Paul Barry

My Git Workflow

January 20, 2009

Inspired by Michael Ivey’s recent “My Git Workflow” article, I’ve decided to write up one of my own. Really this article should be titled “My Git SVN Workflow”, because that’s how I use it most of the time. At BrowserMedia, we use Subversion (SVN) for version control. I’m not an advanced user of Git by any stretch of the imagination, but here’s my experience from switching from SVN to Git.

First off, for small projects that I am doing on my own, I use just straight git, and back it up to my own server as I described in the Quick and Dirty Git Repository article. For stuff that I want to be publicly visible, I push it to github. But for BrowserMedia internal projects, here’s what I do.

Assuming it’s a rails project, I create the rails app and import it using SVN:

$ rails myproject -d mysql
$ cd rails
$ svn import -m "Initial Rails 2.2.2 App"
$ cd ..
$ rm -rf myproject
$ svn co myproject
$ svn remove log/*
$ svn commit -m "removing all log files from subversion"
$ svn propset svn:ignore "*.log" log/
$ svn update log/
$ svn commit -m "Ignoring all files in /log/ ending in .log"
$ svn remove tmp/*
$ svn propset svn:ignore "*" tmp/
$ svn update tmp/
$ svn commit -m "Ignoring all files in /tmp/"
$ cd ..
$ rm -rf myproject

Most of this you will recognize from the Rails Wiki article on How To Use Rails With Subversion. So now the project is setup so that anyone can use SVN to work on the project.

One of the cool things about Git is that you can use Git SVN to work with git locally and push your changes to the main SVN repository. I’ve been using this for months now with no problems. So now let’s start working on our project with git:

$ mkdir myproject
$ cd myproject
$ git svn init -s

Couple of things to note here is that first you have to make the directory for your project first, then change into the directory and run the git command from there. Also, the URL you use is the directory that contains trunk (and possibly branches and tags, if you have created those). The -s means you are using a standard SVN layout. Once you have done this, you run this command to sync up your local repository with SVN:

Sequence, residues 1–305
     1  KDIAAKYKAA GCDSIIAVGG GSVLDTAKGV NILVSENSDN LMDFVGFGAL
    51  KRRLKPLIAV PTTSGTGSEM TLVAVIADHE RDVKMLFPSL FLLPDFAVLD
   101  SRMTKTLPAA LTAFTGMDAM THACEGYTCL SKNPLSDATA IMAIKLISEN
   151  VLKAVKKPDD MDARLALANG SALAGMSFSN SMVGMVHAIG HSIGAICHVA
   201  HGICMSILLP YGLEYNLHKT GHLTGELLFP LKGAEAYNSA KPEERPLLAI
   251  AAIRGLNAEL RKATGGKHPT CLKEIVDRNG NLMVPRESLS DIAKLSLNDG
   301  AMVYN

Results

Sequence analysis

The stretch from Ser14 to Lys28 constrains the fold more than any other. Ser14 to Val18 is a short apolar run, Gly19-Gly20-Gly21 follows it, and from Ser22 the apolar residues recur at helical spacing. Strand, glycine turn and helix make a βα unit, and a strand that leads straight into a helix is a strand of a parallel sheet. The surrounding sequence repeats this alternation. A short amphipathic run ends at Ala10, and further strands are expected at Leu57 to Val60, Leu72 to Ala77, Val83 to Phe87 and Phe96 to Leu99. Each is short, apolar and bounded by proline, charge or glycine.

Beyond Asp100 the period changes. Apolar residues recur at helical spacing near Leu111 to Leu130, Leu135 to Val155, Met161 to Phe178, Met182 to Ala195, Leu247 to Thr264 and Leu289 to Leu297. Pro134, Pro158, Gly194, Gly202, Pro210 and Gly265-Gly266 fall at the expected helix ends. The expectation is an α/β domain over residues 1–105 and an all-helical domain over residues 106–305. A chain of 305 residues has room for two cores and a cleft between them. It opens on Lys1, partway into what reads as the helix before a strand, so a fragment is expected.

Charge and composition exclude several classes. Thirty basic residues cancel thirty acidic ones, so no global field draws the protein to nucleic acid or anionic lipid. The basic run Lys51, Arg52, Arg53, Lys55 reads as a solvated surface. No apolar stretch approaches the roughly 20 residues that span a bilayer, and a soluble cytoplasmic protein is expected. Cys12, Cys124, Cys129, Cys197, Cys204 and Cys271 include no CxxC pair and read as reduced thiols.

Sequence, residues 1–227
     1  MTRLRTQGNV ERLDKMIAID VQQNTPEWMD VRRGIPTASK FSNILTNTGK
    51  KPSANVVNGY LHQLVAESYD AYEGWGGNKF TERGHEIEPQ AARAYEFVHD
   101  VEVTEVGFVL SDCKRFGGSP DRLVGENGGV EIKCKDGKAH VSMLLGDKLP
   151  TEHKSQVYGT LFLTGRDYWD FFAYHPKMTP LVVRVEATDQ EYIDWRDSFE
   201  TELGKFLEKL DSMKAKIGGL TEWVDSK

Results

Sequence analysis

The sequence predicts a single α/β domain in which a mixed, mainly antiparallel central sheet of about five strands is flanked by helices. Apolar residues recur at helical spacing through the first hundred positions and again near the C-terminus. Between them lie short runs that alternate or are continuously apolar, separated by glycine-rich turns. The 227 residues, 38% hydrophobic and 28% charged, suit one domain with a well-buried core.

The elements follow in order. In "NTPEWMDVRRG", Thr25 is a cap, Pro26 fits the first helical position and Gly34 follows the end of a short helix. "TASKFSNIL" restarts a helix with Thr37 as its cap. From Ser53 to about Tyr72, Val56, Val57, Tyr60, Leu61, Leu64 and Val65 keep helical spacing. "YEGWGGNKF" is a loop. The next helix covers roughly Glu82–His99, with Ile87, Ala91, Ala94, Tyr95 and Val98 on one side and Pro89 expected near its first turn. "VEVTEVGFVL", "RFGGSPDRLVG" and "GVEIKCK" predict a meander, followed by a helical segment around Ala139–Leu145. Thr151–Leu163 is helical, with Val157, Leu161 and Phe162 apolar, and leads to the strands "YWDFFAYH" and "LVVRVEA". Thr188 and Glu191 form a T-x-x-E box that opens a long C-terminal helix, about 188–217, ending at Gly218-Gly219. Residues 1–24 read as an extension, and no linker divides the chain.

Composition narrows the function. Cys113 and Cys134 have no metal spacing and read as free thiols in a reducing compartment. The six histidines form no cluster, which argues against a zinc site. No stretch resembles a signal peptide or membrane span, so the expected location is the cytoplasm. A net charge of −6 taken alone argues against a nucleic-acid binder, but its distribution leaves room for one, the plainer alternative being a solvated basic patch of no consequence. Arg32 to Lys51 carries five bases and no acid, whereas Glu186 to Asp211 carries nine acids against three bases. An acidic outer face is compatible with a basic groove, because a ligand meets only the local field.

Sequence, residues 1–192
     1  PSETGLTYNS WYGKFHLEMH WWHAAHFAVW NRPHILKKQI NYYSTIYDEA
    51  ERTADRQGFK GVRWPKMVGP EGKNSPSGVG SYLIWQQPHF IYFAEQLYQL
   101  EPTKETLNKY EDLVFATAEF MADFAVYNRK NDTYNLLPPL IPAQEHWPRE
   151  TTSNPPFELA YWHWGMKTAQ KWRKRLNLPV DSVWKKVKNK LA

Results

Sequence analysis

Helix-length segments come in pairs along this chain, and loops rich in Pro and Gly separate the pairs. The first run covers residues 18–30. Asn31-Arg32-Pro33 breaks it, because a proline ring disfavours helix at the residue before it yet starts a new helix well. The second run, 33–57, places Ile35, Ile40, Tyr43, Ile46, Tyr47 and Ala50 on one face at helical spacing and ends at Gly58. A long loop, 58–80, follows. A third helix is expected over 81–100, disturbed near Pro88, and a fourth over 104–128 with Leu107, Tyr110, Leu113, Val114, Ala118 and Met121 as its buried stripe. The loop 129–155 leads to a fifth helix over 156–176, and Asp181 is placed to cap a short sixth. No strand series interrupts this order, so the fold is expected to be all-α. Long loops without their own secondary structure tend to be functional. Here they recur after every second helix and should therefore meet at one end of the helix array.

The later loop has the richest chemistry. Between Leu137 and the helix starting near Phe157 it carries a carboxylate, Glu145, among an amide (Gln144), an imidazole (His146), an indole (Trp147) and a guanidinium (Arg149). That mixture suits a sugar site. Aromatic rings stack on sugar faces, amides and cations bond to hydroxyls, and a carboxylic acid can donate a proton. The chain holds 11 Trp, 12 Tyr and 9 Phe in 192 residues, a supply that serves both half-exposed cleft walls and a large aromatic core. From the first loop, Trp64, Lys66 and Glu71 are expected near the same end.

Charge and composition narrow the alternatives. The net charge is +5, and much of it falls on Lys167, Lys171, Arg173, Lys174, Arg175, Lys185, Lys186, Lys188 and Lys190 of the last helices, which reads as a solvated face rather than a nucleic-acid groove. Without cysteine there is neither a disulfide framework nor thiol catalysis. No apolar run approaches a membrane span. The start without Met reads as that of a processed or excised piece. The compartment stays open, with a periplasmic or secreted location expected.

$ git svn fetch

In this case, this is a fresh project, so if should go pretty quick, but if you are doing this with an existing larger project, this could take quite some time, because this is not just fetching the latest version of the code, but the entire history of the repository.

To make working with git a little easier, I have some aliases defined to make things go a bit quicker:

alias gs='git status'
alias ga='git add .'
alias pull='git pull'
alias push='git push'
alias gc='git commit -m'
alias gca='git commit -a -m'
alias svnpull='git svn rebase'
alias svnpush='git svn dcommit'

And then most of the projects I work on are small teams, so I follow Michael’s small team workflow pretty closely:

$ svnpull
Hack some stuff
$ gs
look at what's changed
$ git add .
$ gca "hacked some stuff"
$ svnpush

So the first thing I usually do after git svn fetch is to add a .gitignore file to the project that looks something like this:


One nice thing I’ve observed about using Git over SVN is the way it handles directories of files. Git puts one .git directory at the top level of your project, which is where it keeps the info about the repository, including the local repository itself. SVN puts a .svn directory in every directory of your project. This only has the info about the repository, which files you have checked out, etc. There is no local repository of course, the repository is on the server.

A case where this makes things easier is managing external dependencies. Let’s say you have a gem that you can’t or don’t want to install on your server. For most gems I recommend installing them on the server, but in some cases that doesn’t always work. So in that case, you do rake gems:unpack to put the gem into the vendor directory. Now let’s say you need to update that gem. Again, this is not the normal case, but if you are creating your own gems for your project, you might want to do this. Here’s what you can do with git:

$ cd important_gem
$ rake install #installs version 1.0.0 of important_gem locally
$ cd ../myproject
$ rm -rf vendor/gems/important_gem-1.0.0
$ rake gems:unpack

The case here is that myproject already has a version of important_gem-1.0.0 checked in, but you’ve modified important_gem-1.0.0, so you want to get those updates into myproject. You only do this in a situation where you haven’t released version 1.0.0 of important_gem yet.

Now if you run gs (short for git status), you will see that git has just figured out what happened. Whether files were removed, renamed, added or modifed, git knows. You can just run git add . and then gca "updated important_gem" and all is well. No need for SVN externals. With SVN, if you wanted to manage your project like that, you are kind of out of luck. The reason is that when you did rm -rf vendor/gems/important_gems-1.0.0, all of the .svn directories got destroyed. After rake gems:unpack, the files are back, but not the .svn directories, hence SVN is confused and frankly, I never did figure out what you are supposed to do about this.

There are other cases where this is useful besides working on a gem. For example, with BrowserCMS were are using FCKEditor, which comes in a zip file that you just unpack into public/fckeditor. To put in a new version of FCKEditor, you can just do:

$ cd public
$ rm -rf fckeditor
$ mkdir fckeditor
$ cd fckeditor
$ unzip ~/Downloads/
$ cd ../..
$ gs
$ git add .
$ gca "Upgraded to FCKeditor version x.y.z"

There are probably some errors or inefficiencies in this process and if so, let me know in the comments, but I really like working with Git SVN, which allows me to have my cake and eat it too.

Posted in Technology | Topics Git, SVN, Subversion, Rails | 2 Comments